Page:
Feeds:
Posts
Comments

Archive for the ‘police detective’ Category

When my husband John and I got home from the hospital on the afternoon of our daughter Mary’s suicide, half a dozen family cars lined the driveway and a bright blue police car sat at the curb in front of the house. A police detective was still upstairs going through trashcans, placing Mary’s suicide note in an envelope marked “Evidence,” and trying to determine what the crime scene, Mary’s bedroom, might be revealing. Members of my family were seated downstairs while the investigation took place.

“Many survivors [of suicide] report that detectives spend a good deal of time looking for evidence of ‘foul play’; they do not–or cannot–accept, at face value, the story of a suicide,” write Christopher Lukas and Henry Seiden. “The way survivors are questioned is often vigorous and accusatory as the police go about their business” (Silent Grief: Living in the Wake of Suicide, pp.17-18).

But as far as I know, no family member seated in the living room was questioned at all. In fact, when I walked in to deliver the terrible news to them, the detective was still upstairs and didn’t come down for several minutes. After he appeared, he politely asked if I was her mother, said “I’m sorry, Ma’am,” and then took his briefcase full of evidence and left.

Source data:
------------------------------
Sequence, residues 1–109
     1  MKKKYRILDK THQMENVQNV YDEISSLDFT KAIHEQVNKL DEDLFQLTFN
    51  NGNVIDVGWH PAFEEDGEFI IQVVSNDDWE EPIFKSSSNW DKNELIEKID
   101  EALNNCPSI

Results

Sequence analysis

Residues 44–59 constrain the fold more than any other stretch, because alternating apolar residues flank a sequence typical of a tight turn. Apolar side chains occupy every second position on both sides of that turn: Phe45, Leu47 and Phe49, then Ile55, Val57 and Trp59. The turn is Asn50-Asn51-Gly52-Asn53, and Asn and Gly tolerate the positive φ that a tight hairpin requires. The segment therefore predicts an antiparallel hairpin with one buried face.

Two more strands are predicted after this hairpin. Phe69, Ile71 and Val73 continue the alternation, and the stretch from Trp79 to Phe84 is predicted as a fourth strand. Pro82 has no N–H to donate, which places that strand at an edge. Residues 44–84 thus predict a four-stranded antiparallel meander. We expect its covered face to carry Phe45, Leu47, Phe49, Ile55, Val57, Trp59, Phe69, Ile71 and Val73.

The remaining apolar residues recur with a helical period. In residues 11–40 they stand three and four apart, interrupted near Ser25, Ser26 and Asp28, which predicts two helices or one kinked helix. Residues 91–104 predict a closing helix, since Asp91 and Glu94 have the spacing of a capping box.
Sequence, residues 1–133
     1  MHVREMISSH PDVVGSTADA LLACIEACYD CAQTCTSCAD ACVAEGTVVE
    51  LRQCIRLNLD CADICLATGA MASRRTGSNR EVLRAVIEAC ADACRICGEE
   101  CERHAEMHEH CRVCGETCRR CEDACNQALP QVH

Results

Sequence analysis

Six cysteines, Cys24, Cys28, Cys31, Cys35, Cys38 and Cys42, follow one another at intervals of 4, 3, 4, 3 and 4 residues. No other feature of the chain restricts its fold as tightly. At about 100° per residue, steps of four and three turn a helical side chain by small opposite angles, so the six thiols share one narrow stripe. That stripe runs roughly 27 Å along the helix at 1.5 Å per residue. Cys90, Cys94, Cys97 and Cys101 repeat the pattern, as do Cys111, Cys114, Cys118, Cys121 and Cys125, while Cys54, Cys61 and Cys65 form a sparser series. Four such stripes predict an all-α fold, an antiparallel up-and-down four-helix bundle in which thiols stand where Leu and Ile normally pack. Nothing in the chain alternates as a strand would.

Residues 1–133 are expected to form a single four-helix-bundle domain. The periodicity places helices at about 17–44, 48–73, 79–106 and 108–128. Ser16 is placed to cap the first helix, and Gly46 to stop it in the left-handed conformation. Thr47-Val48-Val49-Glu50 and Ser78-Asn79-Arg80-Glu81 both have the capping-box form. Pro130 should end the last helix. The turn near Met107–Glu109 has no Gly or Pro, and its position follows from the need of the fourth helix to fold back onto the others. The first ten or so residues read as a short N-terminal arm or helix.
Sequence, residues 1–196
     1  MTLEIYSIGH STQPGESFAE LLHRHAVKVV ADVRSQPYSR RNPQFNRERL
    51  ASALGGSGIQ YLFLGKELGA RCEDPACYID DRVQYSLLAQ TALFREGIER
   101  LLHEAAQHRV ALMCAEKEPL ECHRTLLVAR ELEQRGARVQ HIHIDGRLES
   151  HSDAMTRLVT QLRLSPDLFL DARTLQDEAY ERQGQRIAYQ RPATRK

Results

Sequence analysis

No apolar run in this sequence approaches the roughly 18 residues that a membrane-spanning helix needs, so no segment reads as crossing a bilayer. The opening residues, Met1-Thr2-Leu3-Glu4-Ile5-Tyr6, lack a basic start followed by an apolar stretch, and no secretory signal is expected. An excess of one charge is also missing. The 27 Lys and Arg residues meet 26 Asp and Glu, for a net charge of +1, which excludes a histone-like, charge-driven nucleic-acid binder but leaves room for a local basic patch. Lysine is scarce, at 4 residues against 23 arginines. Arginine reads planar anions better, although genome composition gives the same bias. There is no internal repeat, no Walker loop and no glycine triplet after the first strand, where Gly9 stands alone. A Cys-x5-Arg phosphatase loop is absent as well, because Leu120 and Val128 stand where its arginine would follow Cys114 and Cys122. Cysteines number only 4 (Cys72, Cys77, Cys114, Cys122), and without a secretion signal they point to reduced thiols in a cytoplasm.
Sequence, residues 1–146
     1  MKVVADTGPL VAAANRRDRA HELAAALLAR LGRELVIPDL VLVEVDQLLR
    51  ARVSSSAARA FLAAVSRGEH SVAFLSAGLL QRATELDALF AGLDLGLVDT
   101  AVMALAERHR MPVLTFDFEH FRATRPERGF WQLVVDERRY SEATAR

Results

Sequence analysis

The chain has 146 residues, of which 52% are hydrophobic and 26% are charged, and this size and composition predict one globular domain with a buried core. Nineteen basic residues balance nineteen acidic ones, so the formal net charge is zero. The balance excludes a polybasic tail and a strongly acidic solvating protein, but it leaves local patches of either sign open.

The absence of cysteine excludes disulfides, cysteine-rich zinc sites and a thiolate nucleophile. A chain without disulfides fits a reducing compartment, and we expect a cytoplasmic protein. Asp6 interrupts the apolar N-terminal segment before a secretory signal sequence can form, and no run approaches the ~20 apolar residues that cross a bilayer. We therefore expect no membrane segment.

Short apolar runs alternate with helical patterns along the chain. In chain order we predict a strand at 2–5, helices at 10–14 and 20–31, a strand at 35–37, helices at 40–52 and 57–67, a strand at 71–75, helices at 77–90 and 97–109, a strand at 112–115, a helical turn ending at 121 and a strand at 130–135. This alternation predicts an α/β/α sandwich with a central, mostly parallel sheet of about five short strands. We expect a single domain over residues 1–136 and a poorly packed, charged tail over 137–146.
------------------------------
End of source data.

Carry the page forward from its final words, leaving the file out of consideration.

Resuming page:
It was a relief to know he’d be driving his blue cruiser away from the curb. To my thinking, the car had been a billboard announcement of something gone drastically wrong in our home, possibly something illegal; and I resented having that message flashed to the world.

At a remove of seventeen years, however, I appreciate what the detective was trying to do at our home that Sunday: his job. I can’t imagine living in a country where the death of a teen aroused no legal concern or investigation. Though I never learned his name, I did finally understand the value of the detective’s respectful, unobtrusive presence at the scene of my daughter’s suicide: it didn’t make things worse. By not making things worse for my family, by not retraumatizing us, the unknown detective ended up helping.

Advertisements

Read Full Post »